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Two-thirds of automotive sector employees fear COVID-19 job losses

Lee Biggins CV Library

Over two-thirds of automotive industry professionals fear that the impact of COVID-19 coronavirus could cause them to lose their job.

The recent ‘AM COVID-19 car retail recovery survey’ heard from car retail group operators who feared that over 30% of the sector’s workforce could fall foul of the slump in trade and changes to operational practices enforced by the pandemic.

While detail of that survey will be published in the forthcoming digital edition of AM, the CV-Library has laid bare more widespread concerns from across the automotive sector with its latest survey.

According to an exclusive new study from the independent job board, two-thirds (69.2%) of automotive professionals are worried about losing their job during the coronavirus pandemic. 

The study surveyed 1,408 professionals and found that 25% of automotive professionals were on furlough, 40.6% were still working and 34.4% were unemployed.

Job security emerged as a major concern for those currently furloughed on the Government’s Coronavirus Job Retention Scheme (CJRS), however.

CV-Library found that 51% of automotive professionals who are on furlough have expressed concerns that there may not be a job available for them once the scheme is over.

The statistic highlights the need to for car retailers to keep their employees informed and engaged during their absence from the workplace.

In an interview with AM earlier this month Cambria Automobiles chief executive, Mark Lavery said said that he expects “Darwinian evolution” of the car retail sector with up to 25% to 30% of car retail businesses to go out of business or be taken over within the next two years as the effects of the pandemic continue to take their toll.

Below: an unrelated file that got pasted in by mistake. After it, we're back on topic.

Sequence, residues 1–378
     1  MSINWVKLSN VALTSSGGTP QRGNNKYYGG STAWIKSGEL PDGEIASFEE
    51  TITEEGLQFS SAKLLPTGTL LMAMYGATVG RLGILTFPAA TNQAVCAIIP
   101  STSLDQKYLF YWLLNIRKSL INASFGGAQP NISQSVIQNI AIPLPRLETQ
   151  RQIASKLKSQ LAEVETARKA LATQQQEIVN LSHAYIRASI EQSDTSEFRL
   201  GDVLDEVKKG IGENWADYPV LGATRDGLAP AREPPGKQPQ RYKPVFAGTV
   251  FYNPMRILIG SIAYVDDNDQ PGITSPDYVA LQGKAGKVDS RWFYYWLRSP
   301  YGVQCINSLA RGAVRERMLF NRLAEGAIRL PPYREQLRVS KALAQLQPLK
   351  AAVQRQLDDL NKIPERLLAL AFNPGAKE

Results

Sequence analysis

Furthermore, he conceded that “over 100 redundancies” are possible within his car retail group when the Government's coronavirus job retention scheme’s (CJRS) furlough period ends.

Chancellor Rishi Sunak announced a week ago that the CRJS would be extended to October – it its full 80% (up to £2,500-a-month) rate.

But this could lengthen the period of uncertainty for some car retail workers as employers put-off redundancy decisions to see how well the sector recovers from lockdown.

One car retail group boss likened the choices made in returning staff to work to “picking the school football team” and suggested that the longer retailers choose to phase the return to work process, the bigger impact it will have on the morale of furloughed employees.

“I want my team coming back like tigers, ready to embrace the challenge of getting the business back up to speed,” he said. “I’m really conscious of the phycological impact of coming back, and on those that are left on furlough for a longer period as their colleagues return.”

Commenting on the findings of the CV-Library study, Lee Biggins, the founder and chief executive of CV-Library, said: “We’re living in very strange times and this is impacting people at all levels. The government is doing its best to get the economy moving again, but this is going to take time and a lot of professionals are struggling with the uncertainty.

“Indeed, our data shows that the majority of people who are still working or on furlough are worried about job security.”

The study went on to ask respondents whether they believe the company they work for will suffer due to COVID-19, with 81% of automotive professionals believing that it will.

This was far higher than the national average, where a smaller 54.5% of UK workers felt this way.

Biggins said: “A huge volume of professionals in the automotive industry don’t know whether their employer is even going to weather the storm and some organisations are going to suffer more than others.

“As a result, we’re expecting to see a real shift over the next 12 months in terms of what people want and need from their job; especially in the absence of pay rises and promotions.

“Following such an uncertain period, more professionals will want to work for employers that can offer some sense of job security, especially as the pandemic will have a long-lasting impact on the economy.” 

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